Buffering data based on time

You can also buffer for a predefined period of time. To show this I’ll create a simple function that simulates sending emails every second from a set of available email addresses. If I send emails every second, and buffer for, say, 5 seconds, then buffering will emit a group of emails once the buffered time has elapsed:

Section 16

Error Handling

Up until now, you’ve learned different types of asynchronous operations on streams, whether they be on DOM events or fetching remote data. But none of the examples so far have shown you what happens when there’s an error or an exception in the stream pipeline. DOM events are very easy to work with because they won’t actually throw errors. The same can’t be said about AJAX calls. When not dealing with simple arrays, streams are actually highly unpredictable and you must be prepared for the worst.

With errors, if you are passing your own observer, you need to try catch inside and call observer.onError(error); This will allow you to catch the error , handle it, and also dispose.

Alternatively, you can use .onErrorResumeNext

Catch

The good news is that you can continue to use a good ’ol catch block (now an operator) just like you’re used to. To show this I’ll artificially create an error as soon as a stream sees the value 5.

As soon as the condition is met, the exception is thrown and propagated all the way down to the Observer subscribed to this stream. You might want to gracefully catch the exception and provide a friendly message:

The catch operator allows you to handle the error so that it doesn’t get propagated down to any observers attached to this stream. This operator expects another Observable to carry the baton forward, so you can use this to suggest some default value in case of errors. Notice that, this time, the error function on the observer never actually fired!

Now, if we do want to signal an unrecoverable condition, you can catch and throw the error. Within the catch block, this code will actually cause the exception to fire. I would caution against this as throwing exceptions is a side effect that will ripple through and is expected to be handled somewhere else. This should be used sparingly in truly critical conditions.

Another option is to attempt a retry.

Retries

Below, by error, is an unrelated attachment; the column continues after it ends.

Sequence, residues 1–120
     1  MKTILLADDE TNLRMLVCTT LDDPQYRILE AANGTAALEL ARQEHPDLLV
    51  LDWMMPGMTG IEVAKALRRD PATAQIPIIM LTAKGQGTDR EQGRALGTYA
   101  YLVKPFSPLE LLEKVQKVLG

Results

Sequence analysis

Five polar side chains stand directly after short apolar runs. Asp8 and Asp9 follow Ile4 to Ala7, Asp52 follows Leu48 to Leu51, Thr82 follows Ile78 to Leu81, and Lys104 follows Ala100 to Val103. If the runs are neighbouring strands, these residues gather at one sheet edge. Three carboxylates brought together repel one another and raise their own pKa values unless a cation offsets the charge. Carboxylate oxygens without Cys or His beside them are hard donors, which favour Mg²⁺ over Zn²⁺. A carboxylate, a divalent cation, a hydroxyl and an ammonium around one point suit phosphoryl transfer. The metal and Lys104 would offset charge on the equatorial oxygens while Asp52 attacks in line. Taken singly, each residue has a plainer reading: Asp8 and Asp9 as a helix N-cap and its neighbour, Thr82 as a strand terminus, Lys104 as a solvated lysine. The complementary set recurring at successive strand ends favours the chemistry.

With observables, you can retry the previous operation for a certain number of times, before the failure is fired.

##.finally() As JavaScript developers, our code deals with many events or asynchronous computations all the time. This can get complicated quickly as we build comprehensive UIs or state-machines that need to react and keep responsive in the face of failures. RxJS truly embodies two of the most important principles of the Reactive Manifesto, which are Responsive and Resilient.

Moreover, RxJS makes these computations first-class citizens of the language and offers a state-of-the-art event system for JavaScript. This provides a unified computing model that allows for readable and composable APIs to deal with these asynchronous computations, abstracting out the nitty gritty details of latency and wait time.

Section 18

Recommended Book

Functional Programming in JavaScript teaches JavaScript developers functional techniques that will improve extensibility, modularity, reusability, testability, and performance. Through concrete examples and jargon-free explanations, this book teaches you how to apply functional programming to real-life JavaScript development tasks. The book includes insightful comparisons to object-oriented or imperative programming, which will allow you to ease into functional design. Moreover, you’ll learn a repertoire of techniques and design patterns including function chaining and pipelining, recursion, currying, binding, functional composition, lazy evaluation, fluent error handling, memoization, and much more. By the end of the book, you’ll think about application design in a fresh new way.

Visit this link to get your copy now.